Last week the fashion district in New York held a spirited rally to save the garment center. Held near the Needle and Button statue, the crowd of 600-800 people listened attentively to Controller Bill Thompson, City Council Speaker Christine Quinn, and Designer Nanette Lepore speak about bringing legislation to promote production in the garment center and honor the city zoning for manufacturers.
From what I read in the Examiner, I was a little confused as to what the solution was. At the beginning of the article it states:
"In 1987 Ed Kotch zoned the side streets of the garment district to remain fashion-manufacturing facilities. With 200,000
jobs in the garment center at that time the impact of rents chasing out
manufacturers would be devastating to the community and unemployment
deficit. As times have changed and more companies outsource production can we still rationalize this zoning? 'We continue to lose jobs, zoning isn’t an effective mechanism for job preservation. It continues to diminish' [Barbara Randall President of the Fashion Center] says. What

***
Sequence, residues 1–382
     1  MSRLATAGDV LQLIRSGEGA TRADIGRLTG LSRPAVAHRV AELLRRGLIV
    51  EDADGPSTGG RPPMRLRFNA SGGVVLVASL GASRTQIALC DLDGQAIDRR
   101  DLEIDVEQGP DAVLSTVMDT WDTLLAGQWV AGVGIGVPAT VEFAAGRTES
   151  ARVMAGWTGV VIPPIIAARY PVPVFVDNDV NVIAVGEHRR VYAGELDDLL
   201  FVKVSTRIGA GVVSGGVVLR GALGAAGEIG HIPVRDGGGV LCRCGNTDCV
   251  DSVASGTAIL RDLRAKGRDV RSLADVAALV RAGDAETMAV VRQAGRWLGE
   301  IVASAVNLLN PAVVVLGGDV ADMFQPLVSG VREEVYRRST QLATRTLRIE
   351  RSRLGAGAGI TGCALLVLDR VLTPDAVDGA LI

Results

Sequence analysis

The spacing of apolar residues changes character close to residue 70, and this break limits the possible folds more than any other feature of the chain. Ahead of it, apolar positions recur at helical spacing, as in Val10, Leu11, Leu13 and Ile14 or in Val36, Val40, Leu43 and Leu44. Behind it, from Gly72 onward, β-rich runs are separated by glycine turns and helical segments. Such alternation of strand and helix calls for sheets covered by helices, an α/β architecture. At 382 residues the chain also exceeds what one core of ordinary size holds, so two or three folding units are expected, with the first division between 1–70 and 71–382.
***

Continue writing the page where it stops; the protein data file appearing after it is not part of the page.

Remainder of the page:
can we do that is meaningful? Everyone claims that the rents are too
high but yet Randall tells me the garment center has the lowest rents
After reading that jumble of concerns I assumed the rest of the article would go on to explain how to solve the problem, but the article and quotes seem to vary between zoning not being any help and then saying it is imperative, with no identification of how to get more work in the factories. Bad journalism or ineffective rally?
Either way If
the garment center loses its local manufactures it is likely to lose the trade altogether and eliminate the possibility of new or small local designers from producing their collections. Leaving fashionable Americans to wear the same old-same old or huge brands. It is also about the American workforce. Let's figure this out.
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